Friday, 19 December 2008

What makes deflation such a dreaded condition

Deflation is an empty threat (so far)
In such a deep recession, the word is bound to come up. But a close look at the numbers shows that it's a long shot at this point.

Anthony Karydakis, Contributor
December 18, 2008: 9:37 AM ET

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This recession has been so unusual that it has brought back economic phenomena that haven't been seen in generations, at least not in the U.S. Chief among them is deflation. It's a scary prospect that has been on people's minds since evidence of a deepening recession started proliferating quickly earlier in the fall.
What makes deflation such a dreaded condition is that, once it takes hold, it motivates consumers to hold back on spending in the expectation that they will be able to buy things at a cheaper price later. This causes further drop in demand today, leading to more cutbacks in production and even slower economic activity, which feeds into more price declines -- a highly destabilizing dynamic.
Against that backdrop, the report earlier this week on November's Consumer Price Index (CPI) was eagerly anticipated, as it was likely to shed some light on whether such deflation fears are realistic in this environment. The anxiety over such a prospect had already been heightened by a sizeable decline (-1.0%) in the index in October and a highly unusual drop (-0.1%) in the so-called "core" CPI that month. (Core CPI is the overall index minus the notoriously volatile components of food and energy, which together account for about one-fourth of the total.)
So, with the stakes so high for the November report, what was the verdict?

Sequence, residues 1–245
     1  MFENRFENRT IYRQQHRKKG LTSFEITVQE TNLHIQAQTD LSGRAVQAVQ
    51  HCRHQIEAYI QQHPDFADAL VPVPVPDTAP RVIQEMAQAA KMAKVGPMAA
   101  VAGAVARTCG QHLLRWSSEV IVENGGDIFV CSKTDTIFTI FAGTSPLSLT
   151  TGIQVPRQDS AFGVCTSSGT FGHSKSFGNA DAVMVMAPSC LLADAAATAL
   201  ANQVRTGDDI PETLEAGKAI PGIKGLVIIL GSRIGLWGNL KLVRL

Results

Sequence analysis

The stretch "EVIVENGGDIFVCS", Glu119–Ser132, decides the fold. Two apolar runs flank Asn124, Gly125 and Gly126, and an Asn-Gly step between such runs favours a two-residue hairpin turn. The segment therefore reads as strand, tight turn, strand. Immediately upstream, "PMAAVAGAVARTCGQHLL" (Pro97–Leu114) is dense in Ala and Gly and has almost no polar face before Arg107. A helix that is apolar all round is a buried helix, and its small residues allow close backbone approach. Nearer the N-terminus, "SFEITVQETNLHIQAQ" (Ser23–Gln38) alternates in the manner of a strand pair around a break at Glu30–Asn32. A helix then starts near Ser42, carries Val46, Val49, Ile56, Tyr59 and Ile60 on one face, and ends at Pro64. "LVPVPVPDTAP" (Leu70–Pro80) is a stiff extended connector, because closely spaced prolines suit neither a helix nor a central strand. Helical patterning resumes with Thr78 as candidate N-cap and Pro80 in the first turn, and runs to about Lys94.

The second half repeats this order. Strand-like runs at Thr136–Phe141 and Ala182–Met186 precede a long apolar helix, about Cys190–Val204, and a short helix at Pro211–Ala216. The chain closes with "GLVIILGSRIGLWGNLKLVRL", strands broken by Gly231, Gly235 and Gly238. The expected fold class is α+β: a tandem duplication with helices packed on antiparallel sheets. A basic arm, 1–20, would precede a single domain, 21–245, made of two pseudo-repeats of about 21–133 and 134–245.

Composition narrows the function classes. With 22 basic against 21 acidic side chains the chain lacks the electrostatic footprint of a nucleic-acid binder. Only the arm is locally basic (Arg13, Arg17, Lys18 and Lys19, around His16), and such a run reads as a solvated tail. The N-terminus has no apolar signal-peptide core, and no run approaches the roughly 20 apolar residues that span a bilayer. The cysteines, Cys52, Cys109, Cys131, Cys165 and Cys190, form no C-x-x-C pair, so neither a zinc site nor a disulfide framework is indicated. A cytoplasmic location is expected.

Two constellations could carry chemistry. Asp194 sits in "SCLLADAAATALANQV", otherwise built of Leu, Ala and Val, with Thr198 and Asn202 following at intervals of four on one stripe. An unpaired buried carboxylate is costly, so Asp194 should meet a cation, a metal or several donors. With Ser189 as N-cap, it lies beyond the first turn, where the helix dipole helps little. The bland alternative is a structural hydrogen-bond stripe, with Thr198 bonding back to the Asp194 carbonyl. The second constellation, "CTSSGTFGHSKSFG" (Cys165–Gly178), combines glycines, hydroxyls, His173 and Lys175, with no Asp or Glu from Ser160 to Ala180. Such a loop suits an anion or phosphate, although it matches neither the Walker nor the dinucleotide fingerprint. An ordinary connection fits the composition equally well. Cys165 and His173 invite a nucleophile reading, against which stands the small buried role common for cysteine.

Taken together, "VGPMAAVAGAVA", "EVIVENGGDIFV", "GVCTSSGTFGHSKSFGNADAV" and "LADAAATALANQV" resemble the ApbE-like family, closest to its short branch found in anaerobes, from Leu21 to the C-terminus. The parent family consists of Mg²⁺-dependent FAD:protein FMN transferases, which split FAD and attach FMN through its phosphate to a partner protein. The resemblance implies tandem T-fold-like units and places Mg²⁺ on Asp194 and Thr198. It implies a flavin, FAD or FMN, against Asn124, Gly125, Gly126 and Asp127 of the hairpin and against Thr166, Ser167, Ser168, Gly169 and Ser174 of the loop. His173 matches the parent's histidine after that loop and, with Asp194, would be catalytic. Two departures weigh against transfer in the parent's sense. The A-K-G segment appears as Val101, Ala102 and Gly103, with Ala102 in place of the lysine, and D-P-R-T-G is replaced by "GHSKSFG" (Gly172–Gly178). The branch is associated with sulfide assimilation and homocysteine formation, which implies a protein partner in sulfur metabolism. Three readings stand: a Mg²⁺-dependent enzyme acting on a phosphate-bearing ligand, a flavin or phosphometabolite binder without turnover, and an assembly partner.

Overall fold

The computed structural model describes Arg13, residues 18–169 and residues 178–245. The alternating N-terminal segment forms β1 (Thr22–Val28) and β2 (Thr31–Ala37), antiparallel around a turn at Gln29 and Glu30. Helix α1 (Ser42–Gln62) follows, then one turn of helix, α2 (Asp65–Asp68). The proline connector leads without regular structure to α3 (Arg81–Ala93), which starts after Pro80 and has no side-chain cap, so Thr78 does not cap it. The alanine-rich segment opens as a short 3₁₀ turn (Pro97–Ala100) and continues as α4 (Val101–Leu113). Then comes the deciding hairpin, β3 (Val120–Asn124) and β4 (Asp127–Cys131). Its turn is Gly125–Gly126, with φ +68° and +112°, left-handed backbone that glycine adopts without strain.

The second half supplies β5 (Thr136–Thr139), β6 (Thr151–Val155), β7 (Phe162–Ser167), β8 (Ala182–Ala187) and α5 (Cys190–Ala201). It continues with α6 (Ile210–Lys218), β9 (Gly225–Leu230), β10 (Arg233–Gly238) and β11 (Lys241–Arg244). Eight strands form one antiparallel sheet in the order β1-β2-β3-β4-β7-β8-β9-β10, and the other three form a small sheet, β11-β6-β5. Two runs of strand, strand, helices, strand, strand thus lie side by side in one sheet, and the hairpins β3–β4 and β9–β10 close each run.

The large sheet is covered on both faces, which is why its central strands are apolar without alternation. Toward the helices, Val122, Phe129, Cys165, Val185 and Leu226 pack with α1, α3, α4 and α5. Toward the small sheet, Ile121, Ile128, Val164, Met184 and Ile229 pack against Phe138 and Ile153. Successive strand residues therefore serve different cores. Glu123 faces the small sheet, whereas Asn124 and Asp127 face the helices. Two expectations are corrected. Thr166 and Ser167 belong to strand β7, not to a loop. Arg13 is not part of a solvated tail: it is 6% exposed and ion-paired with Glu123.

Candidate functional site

On the face of it, the sharp 1.7% decline in the CPI last month (its biggest monthly drop ever and its fourth consecutive one since August) added fuel to the concerns that the economy may be about to get hit by powerful deflationary forces. Adding to that impression, the CPI is now up only 1.1% in the last 12-month period, while it was up by 3.7% in the 12-month period to October and 5.6% in the corresponding period to July.
So, there is no doubt that a major downtrend in the rate of inflation is already manifesting itself in strong terms. It is important, though, to draw a sharp distinction between the terms "disinflation" and "deflation," which are sometimes inadvertently lumped together. The first means a slower pace of inflation (that is, prices are still rising), while the second means an outright decline in the price level.
However, before jumping to the conclusion that deflation is around the corner, it's important to consider several factors that present a significantly less bleak picture.

Let's begin with some basic facts:
November's decline in the overall index was largely due to a 17% decline in energy prices and, specifically, a nearly 30% collapse in gasoline prices. However, excluding the food and energy components, the core index was flat for the month, despite a 0.6% decline in new vehicle prices, in line with dismal auto sales numbers reported in the last couple of months by all automakers. Several key categories (apparel, entertainment, medical care, shelter costs) all showed moderate increases, suggesting the absence of any broad-based downward pressure on prices.